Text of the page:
ATSF Class 5000 #5000: a Texas type locomotive on display in downtown Amarillo

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ATSF #5000, Amarillo, TX

Atchison, Topeka & Santa Fe Class 5000 #5000 is a Texas type locomotive (2-10-4). It is currently on outdoor display next to Queen's Garden in downtown
Amarillo, TX, close to the junction of SE 2nd and Lincoln Aves.

#5000 retired in 1953 after twenty-three years service, and was then donated to the City of Amarillo by the AT&SF in 1957. For years it stood outside the AT&SF depot in downtown Amarillo, slowly deteriorating in
the extremes of the northern Texas weather. Finally,
in 1996, the Texas Panhandle Railroad Historical
Society carried out a cosmetic restoration of the locomotive.

In a few years, things began to look up for #5000. In
2003, a non-profit organisation, the Railroad Artifact Preservation Society, signed an agreement with the
City of Amarillo to build a railroad education centre to
be its new home. They began restoration work that
year, which was completed in August 2008 having involved over two thousand volunteers. Beautifully preserved, the result is evidence of the dedication of
the Railroad Artifact Preservation Society and the volunteers.

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ATSF #5000, AmarilloATSF #5000, Amarillo
ATSF #5000, Amarillo

ATSF #5000 is displayed in a fenced off area. It was moved there in 2008 following completion of the restoration effort. The move featured on the 2006 season of the US History Channel's "Mega Movers" television show.

The engine was built in 1930 at the Baldwin Locomotive Works Eddystone, PA, shops for the AT&SF to experiment with the 2-10-4 wheel arrangement, as the 2-10-2 helper locomotives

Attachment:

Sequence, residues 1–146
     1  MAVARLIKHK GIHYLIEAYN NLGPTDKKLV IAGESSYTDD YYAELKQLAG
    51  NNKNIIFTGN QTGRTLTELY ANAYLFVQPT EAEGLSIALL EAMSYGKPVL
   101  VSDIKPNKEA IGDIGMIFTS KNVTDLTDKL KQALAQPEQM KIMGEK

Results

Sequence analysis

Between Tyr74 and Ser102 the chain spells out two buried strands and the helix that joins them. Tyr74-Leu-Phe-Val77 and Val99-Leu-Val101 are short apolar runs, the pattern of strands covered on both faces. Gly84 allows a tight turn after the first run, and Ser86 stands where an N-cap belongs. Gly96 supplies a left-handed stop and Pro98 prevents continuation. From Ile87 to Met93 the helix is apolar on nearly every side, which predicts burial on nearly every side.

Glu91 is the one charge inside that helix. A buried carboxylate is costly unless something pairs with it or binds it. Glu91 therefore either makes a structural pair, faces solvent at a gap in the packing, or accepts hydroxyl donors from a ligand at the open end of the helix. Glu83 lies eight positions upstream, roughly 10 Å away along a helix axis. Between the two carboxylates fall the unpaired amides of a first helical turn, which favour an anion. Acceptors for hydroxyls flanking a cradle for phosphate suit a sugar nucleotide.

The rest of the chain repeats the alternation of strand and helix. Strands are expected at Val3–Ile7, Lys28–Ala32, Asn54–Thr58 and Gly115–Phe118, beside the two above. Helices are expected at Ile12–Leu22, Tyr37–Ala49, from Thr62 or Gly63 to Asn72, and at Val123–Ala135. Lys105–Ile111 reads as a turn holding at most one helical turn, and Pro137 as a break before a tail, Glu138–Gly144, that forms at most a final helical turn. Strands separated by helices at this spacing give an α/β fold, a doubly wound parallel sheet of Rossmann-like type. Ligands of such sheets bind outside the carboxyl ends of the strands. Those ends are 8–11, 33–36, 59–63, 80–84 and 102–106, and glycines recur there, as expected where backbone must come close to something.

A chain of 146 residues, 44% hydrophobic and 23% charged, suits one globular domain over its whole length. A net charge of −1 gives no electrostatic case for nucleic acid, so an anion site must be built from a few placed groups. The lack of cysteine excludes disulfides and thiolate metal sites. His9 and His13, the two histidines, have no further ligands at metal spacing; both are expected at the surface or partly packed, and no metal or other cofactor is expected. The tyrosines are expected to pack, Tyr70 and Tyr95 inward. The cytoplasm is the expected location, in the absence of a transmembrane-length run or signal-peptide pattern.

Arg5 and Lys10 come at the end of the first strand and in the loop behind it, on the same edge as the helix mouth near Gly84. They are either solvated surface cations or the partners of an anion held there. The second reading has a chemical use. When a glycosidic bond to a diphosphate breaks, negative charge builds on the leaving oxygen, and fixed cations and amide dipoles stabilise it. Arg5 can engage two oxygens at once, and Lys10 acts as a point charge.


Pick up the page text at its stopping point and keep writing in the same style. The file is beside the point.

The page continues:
then in use had problems reversing from Raton Pass to Raton, NM, after assisting trains up the grade.

ATSF #5000, AmarilloATSF #5000, Amarillo
ATSF #5000, AmarilloATSF #5000, AmarilloATSF #5000, Amarillo
ATSF #5000, Amarillo

In July and August 1930, #5000 underwent extensive testing on AT&SF's Pecos Division between Clovis and Belen, NM. #5000 could pull 15% more tonnage in 9% less time, burning 17% less coal per 1000 gross ton miles than AT&SF's
2-10-2 3800 series locomotives.

#5000 went into service and, at some time, acquired the nickname "Madam Queen", by which it is still known. The AT&SF were impressed by #5000's performance, but arrival of the Great Depression and a fall off in freight, meant they had no incentive to buy others.

ATSF #5000, AmarilloATSF #5000, Amarillo
ATSF #5000, AmarilloATSF #5000, Amarillo
ATSF #5000, AmarilloATSF #5000, Amarillo
ATSF #5000, AmarilloATSF #5000, Amarillo

It was not until 1938 that the AT&SF bought ten more 2-10-4s (five coal and five oil burners, class 5001).

As these had more modern design
features, including greater heating surface and larger drivers, #5000 is the only one of its type.

ATSF #5000, AmarilloATSF #5000, Amarillo

Built to haul heavy freight, #5000 is 108' 5ΒΌ" long, weighs 502,600 lbs, 372,000 lbs on its 69" drivers. Built as a coal burner with Walschaert valve gear and 30" x 34" cylinders, in 1940, the locomotive was converted to burn oil.

With a 121.7 sq ft grate, 570 sq ft firebox and
total heating surface of 9,655 sq ft heating
surface, including 2,550 sq ft superheating,
#5000 operated a boiler pressure of 300 psi, delivering 113,0870 lbs tractive effort. In its
twenty-three years service, it clocked up over 1,750,000 miles.

ATSF #5000, Amarillo
ATSF #5000, AmarilloATSF #5000, AmarilloATSF #5000, AmarilloATSF #5000, Amarillo
ATSF #5000, AmarilloATSF #5000, AmarilloATSF #5000, AmarilloATSF #5000, AmarilloATSF #5000, AmarilloATSF #5000, Amarillo
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